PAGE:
The winery also features expansive outdoor areas for alfresco enjoyment of the wines -- these spaces were constructed with FSC cedar and our Restoration Juniper lumber, which also meets Living Building criteria.
This private dining and event space was designed to be a modern interpretation of traditional Northwest themes. Pendleton-patterned draperies adorn the floor-to-ceiling windows and custom upholstered dining chairs. The naturally-stained wood was a perfect choice to complement the colors and themes in this space: The wall paneling looks fresh and modern, and the natural wave of the live-edge communal table softens and warms the space.
Our Campground Blue Pine was sourced from beetle-kill and fire-salvage trees in Central and Southern Oregon. We work with small mills, including Malheur Lumber Company in John Day, for this special wood.
Craftsmanship by Clarkbuilt LLC and Mallet PDX.
This home was built to the exacting standards of the Living Building Challenge, which demands that projects use wood that is locally-sourced and is either FSC certified or reclaimed. For the FSC framing lumber and plywood that form the structural bones of the home, and the beautiful Western Red Cedar siding and decking that grace the exterior, McLennan and his builder, Smallwood Construction, partnered with Sustainable Northwest Wood.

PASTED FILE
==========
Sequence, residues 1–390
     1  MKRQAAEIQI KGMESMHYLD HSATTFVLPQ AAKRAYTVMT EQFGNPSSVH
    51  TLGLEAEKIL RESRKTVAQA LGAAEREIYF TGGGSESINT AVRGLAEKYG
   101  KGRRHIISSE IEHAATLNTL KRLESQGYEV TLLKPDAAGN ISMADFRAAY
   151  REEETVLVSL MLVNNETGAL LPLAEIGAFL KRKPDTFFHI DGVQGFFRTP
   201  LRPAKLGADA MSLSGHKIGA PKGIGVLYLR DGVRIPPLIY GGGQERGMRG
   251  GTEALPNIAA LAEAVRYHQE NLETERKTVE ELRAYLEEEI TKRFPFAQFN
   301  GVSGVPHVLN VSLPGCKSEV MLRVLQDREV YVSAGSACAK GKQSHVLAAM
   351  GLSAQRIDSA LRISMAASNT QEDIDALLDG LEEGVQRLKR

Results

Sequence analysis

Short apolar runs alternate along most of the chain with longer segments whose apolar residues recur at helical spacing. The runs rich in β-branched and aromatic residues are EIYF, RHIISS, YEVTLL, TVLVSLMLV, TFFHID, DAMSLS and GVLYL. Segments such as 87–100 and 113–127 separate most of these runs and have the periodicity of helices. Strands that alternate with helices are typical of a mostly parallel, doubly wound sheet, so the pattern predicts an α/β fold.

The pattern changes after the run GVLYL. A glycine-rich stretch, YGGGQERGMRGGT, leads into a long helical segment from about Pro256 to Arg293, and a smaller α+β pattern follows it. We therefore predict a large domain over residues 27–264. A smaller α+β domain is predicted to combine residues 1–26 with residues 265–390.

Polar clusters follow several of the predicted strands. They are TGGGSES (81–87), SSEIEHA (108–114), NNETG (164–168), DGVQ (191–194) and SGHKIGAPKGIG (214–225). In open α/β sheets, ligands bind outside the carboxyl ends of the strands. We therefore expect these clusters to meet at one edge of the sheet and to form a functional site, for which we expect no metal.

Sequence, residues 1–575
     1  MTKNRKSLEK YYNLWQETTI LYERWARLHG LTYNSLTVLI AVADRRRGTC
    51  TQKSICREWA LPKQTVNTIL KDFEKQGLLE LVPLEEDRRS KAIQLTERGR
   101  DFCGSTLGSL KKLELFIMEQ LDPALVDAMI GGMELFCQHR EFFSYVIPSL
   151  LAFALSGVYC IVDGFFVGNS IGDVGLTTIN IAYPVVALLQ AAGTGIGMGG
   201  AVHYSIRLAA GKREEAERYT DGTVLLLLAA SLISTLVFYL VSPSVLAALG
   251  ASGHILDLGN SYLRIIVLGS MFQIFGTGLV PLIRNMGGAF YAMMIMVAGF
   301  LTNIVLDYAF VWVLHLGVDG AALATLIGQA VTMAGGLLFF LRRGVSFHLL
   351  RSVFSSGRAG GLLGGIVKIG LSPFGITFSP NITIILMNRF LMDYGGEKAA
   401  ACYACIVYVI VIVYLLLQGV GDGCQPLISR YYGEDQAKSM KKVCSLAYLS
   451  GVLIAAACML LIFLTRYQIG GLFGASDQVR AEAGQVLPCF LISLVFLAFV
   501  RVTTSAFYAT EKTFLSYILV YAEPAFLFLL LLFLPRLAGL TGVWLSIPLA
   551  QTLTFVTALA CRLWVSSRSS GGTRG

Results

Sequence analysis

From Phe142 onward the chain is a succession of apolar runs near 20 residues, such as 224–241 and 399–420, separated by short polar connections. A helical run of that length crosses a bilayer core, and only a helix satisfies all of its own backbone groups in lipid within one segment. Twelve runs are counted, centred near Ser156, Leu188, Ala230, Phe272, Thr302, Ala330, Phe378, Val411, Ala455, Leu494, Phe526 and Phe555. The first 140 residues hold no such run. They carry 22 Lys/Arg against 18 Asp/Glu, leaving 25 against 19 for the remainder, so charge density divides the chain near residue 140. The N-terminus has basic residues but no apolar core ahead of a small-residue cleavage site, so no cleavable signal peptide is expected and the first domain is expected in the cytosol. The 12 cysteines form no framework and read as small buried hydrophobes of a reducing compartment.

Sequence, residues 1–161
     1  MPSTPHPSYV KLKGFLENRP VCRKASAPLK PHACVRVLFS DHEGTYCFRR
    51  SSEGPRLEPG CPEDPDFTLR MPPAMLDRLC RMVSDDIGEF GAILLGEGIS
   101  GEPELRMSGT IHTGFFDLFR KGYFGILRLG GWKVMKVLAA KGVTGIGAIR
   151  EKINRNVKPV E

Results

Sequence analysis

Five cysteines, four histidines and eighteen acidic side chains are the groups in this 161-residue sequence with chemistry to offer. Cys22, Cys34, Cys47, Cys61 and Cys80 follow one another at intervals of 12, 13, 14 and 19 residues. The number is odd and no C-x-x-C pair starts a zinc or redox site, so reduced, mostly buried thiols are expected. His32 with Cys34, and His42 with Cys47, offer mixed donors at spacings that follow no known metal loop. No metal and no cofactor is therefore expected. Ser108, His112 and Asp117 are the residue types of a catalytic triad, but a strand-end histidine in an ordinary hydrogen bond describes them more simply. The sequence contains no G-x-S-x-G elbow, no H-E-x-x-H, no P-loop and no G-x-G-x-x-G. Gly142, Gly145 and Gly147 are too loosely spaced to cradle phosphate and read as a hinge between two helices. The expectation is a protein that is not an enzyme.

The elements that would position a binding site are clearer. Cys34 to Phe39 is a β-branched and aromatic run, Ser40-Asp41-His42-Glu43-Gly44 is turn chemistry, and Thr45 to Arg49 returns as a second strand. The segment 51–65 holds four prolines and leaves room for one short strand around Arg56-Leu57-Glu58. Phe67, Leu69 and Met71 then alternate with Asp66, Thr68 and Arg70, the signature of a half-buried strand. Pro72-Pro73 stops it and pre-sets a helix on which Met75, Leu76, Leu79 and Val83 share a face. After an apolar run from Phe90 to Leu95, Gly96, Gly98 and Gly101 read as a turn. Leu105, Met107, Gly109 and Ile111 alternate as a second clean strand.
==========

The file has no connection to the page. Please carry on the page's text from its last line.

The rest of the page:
On the main floor and for the surrounding fences, the cedar siding is being left in its raw, unfinished state to silver naturally over time. On the second floor, McLennan and his builders used a torch to apply the shou sugi ban technique of charring to the cedar to give it a natural, long-lasting black finish.
Click here to read more news coverage of this exceptional project.
Photos, from top: The courtyard of the home showcases the FSC Western Red Cedar siding; a private courtyard is surrounded in cedar; the architect outside his front door; the home reflected in the estuary nearby.